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Independence Day is a time for people to have fun and let their hair down a bit.

That’s fine when both feet are firmly planted on the ground, but it can get troublesome if those feet are planted on the deck of a boat.

The Fourth of July is one of the heaviest boating days of the year. It’s the height of summer, the weather is hot, and thousands of people head for rivers and lakes to cool off a bit.

Lt. Ed Goodson, boating safety officer for the West Virginia Natural Resources Police, said crowded waterways, the heat, and copious quantities of alcohol comprise a perfect formula for boating accidents.

“Most accidents can be prevented,” Goodson added, “if people just keep a few basic things in mind.”

Number one on Goodson’s list of basics is to have enough life jackets in the boat, and to wear them when appropriate.

“The law says there should be at least one life jacket for everyone on board,” he explained. “Even if you aren’t wearing them, they should be readily available.”

Those are the rules for adults. Children fall under different rules.

“Any time the boat is underway, all children age 12 and under must be wearing their life jackets,” Goodson said. “And unless a boat is anchored, it is considered to be underway. If you’re drifting with the current with the motor off, you’re still underway as far as the law is concerned.”

The law even applies to non-motorized craft such as canoes and kayaks.

“It’s not ‘just a canoe or a kayak,’” Goodson explained. “It’s a vessel, and occupants of vessels must have life jackets.”

Number two on Goodson’s list of basics involves alcoholic beverages.

“Whoever is piloting the boat has to remain sober,” he said.

That’s not easy in the midsummer heat. Alcohol is a diuretic, which means it robs the body of the fluids and electrolytes it needs to function properly. The heat causes people to sweat, which further reduces those fluids and electrolytes.

“The bottom line is that you can get drunk a lot faster when you’re out in the sun,” Goodson said. “You get dehydrated, and that intensifies the effects of alcohol.”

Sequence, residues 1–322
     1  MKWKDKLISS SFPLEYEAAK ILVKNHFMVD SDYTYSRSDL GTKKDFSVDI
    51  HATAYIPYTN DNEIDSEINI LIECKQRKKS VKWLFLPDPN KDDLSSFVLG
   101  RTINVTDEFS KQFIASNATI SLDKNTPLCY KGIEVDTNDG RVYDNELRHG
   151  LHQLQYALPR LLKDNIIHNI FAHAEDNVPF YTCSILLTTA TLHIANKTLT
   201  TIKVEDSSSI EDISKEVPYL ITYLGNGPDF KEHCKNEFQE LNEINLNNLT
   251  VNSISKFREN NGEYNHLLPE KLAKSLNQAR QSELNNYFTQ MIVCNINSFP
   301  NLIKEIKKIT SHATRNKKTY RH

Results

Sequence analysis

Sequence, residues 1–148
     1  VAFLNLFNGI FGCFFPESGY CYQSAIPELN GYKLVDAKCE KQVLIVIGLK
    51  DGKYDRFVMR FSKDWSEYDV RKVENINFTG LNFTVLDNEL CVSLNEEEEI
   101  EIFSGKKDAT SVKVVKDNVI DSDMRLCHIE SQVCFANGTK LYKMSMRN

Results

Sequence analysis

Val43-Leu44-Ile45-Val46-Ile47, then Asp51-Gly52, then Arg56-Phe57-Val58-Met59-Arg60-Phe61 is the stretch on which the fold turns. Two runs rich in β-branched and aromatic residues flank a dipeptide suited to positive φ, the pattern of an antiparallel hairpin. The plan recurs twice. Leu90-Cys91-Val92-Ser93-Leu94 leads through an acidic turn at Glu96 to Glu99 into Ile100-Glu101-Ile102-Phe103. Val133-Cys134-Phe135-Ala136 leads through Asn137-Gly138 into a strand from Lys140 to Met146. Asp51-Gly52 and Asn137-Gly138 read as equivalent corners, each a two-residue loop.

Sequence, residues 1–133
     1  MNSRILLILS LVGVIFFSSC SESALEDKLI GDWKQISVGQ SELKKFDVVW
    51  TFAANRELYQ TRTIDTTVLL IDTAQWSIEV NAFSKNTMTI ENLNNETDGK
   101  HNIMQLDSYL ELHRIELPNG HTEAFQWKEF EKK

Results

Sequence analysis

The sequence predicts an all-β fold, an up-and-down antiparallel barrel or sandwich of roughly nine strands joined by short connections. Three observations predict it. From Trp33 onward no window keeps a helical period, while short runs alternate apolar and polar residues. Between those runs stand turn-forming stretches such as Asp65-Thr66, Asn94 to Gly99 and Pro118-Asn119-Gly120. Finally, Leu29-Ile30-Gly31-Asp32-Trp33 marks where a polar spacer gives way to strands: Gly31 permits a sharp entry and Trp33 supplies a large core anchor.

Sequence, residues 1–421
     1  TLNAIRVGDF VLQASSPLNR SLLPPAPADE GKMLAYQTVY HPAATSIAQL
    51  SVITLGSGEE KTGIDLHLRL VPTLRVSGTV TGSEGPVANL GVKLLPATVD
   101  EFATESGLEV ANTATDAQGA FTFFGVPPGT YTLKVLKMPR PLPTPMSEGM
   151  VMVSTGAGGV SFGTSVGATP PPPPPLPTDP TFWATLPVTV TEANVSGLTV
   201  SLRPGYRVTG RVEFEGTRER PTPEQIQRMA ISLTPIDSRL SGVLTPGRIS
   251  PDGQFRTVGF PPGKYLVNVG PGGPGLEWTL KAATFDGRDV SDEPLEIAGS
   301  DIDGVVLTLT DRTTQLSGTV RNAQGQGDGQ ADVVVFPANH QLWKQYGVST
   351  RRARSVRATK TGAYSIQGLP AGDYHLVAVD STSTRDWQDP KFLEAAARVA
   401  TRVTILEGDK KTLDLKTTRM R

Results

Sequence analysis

During this entire Fourth of July weekend, Natural Resources Police officers will be involved in “Operation Dry Water,” an effort to crack down on drunk boating.

“We urge everyone to have at least one person, someone who can operate the boat, to remain sober so everyone gets back to the dock safely,” Goodson said. “When you put people in a boat, someone has to be responsible for their well-being.”

Water skiing and tubing are popular Fourth-of-July boating activities, and they’re the focus of Goodson’s third basic rule of thumb: Have a rearward-facing observer keeping an eye on the person being towed.

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This, he said, allows the boat’s pilot to watch ahead for hazards and not have to turn around to monitor what’s going on behind the boat.

“The sole exception to that is if the boat is equipped with a wide-angle rearview mirror,” he added. “If the boat doesn’t have that, there needs to be a rear-facing observer. And that goes for jet skis as well as motorboats.”

What’s more, towing is only allowed between sunrise and sunset.

“That’s to make sure there’s enough light for skiers and tubers to be seen,” Goodson explained.

The same sunrise-to-sunset rule, he said, also applies to jet-ski operation.

“And there are a couple of other things jet-ski users need to know,” he added. “One is to have a lanyard-style cutoff switch, which must be attached to the driver. The other is that there are no brakes on a jet ski.”

Goodson said it’s common for rookie jet-ski operators to see trouble ahead and let completely off on the throttle.

“That’s a big mistake,” he explained. “If you shut off the flow of water through the jet, you have no steering. Your best bet is to slow down, but keep enough power on so you can still steer.”

In large, navigable rivers such as the Kanawha or Ohio, barge traffic can be a concern. Goodson’s fourth rule of thumb is to stay out of their way.

“You see those red lights blinking on bridges?” he asked. “Those are channel markers. You shouldn’t anchor in a channel because big barge tows come through there.”

Goodson said law enforcement officers call barges “the silent death.”

“The towboat is so far back behind some of those long barge tows that you can’t hear the boat’s engine,” he said. “And after dark, you don’t see the fronts of the barges until they’re right on top of you.”

Goodson said the best way to learn how to boat safely is to take a boat operator’s course like the one offered by the Natural Resources Police.

“If you’re born after Dec. 31, 1986, you’re required to have completed a course before you can operate a motorboat,” he added.

“We would prefer you take a traditional in-person class, because you can ask questions and talk with people. But it’s also possible to take an online course. We have links to five or six of them on our website, www.wvdnr.gov, under ‘law enforcement.’”

Knowing the laws that govern motorboat use can help avoid trouble on holidays like Independence Day, when conditions for violations are ripest and law enforcement officers are out in force to make sure violators get caught before they can harm themselves or someone else.

“We’re not out there to ruin anyone’s fun,” Goodson said. “We just want you to boat safely.”

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